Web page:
I feel that I must respond to the statements made by the Senior Republican Policy Advisor and House Ethics Committee Chair, apparent spoke persons for the House, who whitewash and defend Rep. Ugenti’s actions as just another day at the legislature. The wagons are being circled.
Their view is that, Filing an amendment from the floor that turns out to be declared unconstitutional is not a violation; it happens all the time. Considering the very narrowly tailored definition of unethical acts – only those pertaining to money – it’s no wonder legislators are free to do as they please. Allow me to clarify this misleading view of life at the legislature.
In my 13 years following HOA legislation I’ve come to understand that many controversial bills can be subject to opposing interpretations. One side may see a bill as not violating the constitution and the other sees it as violating the constitution. Obviously, the sponsor acting in good faith sees the bill as constitutional and proceeds, hoping that it is not challenged at some point in time and found unconstitutional.
The court determines constitutionality based on several factors, which include an interpretation of the meaning of the words and sentences in the bill and the applicable law. In this case, Section 13 of the AZ Const., Part 2. The criterion used begins with the ordinary meaning of the words being definitive and if a word is ambiguous, to rational interpretations of the wording of the bill. It then looks at other criteria such as the intent of the legislature, if necessary to arrive at an interpretation that reconciles any seemingly contrary views.
To better understand the nature of the “disorderly act” in question let’s take a look at the relevant constitutional sections and House Rules. Was a House Rule broken is the key issue? Section 13 is a simple, direct statement:
“Every act shall embrace but one subject and matters properly connected therewith, which subject shall be expressed in the title; but if any subject shall be embraced in an act which shall not be expressed in the title, such act shall be void only as to so much thereof as shall not be embraced in the title.”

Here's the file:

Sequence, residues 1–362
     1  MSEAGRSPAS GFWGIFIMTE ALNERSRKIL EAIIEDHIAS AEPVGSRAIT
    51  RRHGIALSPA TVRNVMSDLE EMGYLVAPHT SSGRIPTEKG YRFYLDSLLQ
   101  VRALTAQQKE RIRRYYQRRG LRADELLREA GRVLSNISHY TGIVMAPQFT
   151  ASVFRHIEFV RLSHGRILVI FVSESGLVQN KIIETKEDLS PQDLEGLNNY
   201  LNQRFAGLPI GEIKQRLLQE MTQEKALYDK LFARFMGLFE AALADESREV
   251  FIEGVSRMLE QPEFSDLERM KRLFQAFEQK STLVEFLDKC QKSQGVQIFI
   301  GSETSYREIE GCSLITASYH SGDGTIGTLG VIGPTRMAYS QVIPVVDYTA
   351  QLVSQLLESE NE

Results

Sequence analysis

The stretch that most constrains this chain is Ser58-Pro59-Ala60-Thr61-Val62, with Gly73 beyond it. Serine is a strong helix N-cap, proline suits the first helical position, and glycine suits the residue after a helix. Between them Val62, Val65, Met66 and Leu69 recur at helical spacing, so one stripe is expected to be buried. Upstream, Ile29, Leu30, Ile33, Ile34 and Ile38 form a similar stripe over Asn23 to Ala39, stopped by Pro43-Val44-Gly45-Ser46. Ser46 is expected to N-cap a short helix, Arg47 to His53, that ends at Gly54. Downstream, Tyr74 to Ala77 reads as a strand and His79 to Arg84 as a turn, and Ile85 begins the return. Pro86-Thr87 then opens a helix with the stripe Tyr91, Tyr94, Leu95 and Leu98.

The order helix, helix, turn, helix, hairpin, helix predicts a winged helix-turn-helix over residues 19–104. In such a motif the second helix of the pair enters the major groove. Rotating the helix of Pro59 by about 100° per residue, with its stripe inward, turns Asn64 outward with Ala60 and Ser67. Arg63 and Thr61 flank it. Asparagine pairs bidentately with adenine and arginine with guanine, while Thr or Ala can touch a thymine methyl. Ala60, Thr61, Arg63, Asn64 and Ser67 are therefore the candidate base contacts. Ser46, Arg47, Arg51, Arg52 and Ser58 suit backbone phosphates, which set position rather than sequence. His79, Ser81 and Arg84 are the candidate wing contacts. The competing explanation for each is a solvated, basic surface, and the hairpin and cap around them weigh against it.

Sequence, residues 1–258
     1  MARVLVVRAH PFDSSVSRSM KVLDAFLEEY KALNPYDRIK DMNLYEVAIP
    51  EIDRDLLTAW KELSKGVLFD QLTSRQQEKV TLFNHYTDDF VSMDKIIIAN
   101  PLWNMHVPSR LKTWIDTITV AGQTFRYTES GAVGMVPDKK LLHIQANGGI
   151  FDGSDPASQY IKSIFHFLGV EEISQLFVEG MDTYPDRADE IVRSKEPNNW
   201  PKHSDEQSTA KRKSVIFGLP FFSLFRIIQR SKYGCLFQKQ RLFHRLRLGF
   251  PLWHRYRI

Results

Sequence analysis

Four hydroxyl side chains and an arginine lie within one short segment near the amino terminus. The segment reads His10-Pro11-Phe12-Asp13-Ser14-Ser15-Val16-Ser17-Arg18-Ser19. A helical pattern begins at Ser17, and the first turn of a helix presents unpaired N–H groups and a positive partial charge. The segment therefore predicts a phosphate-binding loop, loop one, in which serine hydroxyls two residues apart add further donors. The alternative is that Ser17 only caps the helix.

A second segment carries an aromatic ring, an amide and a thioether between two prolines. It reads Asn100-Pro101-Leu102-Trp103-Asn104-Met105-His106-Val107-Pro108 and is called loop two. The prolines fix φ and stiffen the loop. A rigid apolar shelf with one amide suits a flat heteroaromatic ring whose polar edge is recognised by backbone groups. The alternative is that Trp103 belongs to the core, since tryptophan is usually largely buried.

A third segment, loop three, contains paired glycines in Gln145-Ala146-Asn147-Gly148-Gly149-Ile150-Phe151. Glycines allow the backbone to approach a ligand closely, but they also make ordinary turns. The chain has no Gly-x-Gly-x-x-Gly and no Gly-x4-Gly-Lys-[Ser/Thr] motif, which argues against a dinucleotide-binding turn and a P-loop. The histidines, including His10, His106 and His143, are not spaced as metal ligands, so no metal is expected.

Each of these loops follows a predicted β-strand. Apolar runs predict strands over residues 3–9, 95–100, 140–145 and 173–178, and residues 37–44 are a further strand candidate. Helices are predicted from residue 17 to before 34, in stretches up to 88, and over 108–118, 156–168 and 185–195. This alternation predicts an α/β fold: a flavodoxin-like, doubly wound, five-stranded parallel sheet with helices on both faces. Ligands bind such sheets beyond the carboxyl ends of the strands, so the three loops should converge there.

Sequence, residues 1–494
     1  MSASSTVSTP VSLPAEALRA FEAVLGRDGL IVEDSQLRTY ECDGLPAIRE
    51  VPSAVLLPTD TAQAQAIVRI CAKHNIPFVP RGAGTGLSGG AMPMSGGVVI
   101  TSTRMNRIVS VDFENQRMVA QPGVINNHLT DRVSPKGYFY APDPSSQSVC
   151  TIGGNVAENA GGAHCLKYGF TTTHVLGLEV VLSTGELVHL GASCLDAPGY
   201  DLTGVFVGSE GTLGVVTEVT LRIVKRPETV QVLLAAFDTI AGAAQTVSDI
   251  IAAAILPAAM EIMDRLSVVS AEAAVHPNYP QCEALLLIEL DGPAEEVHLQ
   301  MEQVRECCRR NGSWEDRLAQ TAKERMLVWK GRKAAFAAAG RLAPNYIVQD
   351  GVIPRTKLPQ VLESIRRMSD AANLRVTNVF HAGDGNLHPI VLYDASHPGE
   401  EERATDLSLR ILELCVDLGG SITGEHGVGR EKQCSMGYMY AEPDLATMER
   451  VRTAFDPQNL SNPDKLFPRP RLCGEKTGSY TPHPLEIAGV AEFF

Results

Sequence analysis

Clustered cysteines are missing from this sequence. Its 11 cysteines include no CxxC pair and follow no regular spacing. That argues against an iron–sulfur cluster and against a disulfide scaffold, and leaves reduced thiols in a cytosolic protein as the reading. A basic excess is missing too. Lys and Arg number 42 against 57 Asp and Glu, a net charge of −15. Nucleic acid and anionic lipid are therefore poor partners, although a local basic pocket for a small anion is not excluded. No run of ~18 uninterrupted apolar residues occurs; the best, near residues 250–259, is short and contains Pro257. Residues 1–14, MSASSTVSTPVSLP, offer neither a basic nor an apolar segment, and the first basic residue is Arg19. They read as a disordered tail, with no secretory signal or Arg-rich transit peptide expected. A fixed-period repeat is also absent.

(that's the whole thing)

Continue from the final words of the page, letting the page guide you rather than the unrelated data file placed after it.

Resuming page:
House Rule 16, referring to Section 13, is a simple direct statement: “To comply with this requirement, an amendment may not expand the scope of the original bill to give it a new purpose.”
House Rule 1 is a simple direct statement:
“The House may punish its members for disorderly behavior and may, with the concurrence of two-thirds of the members elected to the House, expel any member (Arizona Constitution, Article IV, Part 2, Section 11). A violation of any of the House Rules shall be deemed disorderly behavior.”
It’s quite clear that House Rule 16 was violated by Ugenti and it is disorderly behavior. What is there to interpret in these applicable legal authorities quoted above? She is subject to discipline if so decided by the House leadership unless she gets, for political reasons, special dispensation.
Good faith unconstitutionlity
To put the Ugenti incident, “it happens all the time,” into perspective, let’s look at the recent appellate court opinion in Niehaus v Huppenthal (CV-CA 12-0242 Div. 1) alleging that the Arizona Empowerment Scholarship Accounts (ESA) statutes violated the Constitution, Article 9, Section 10.[i] The plaintiffs argued “that the ESA is invalid because it conditions the availability of a public benefit on a waiver of constitutional rights.” The waiver dealt with a requirement not to attend public schools (a public right) if receiving ESA aid, which the court denied and also denied the complaint. This case was a legitimate question of good faith differing interpretations of the constitution and laws, where one party said Yes and the other said No. The court gave its binding interpretation.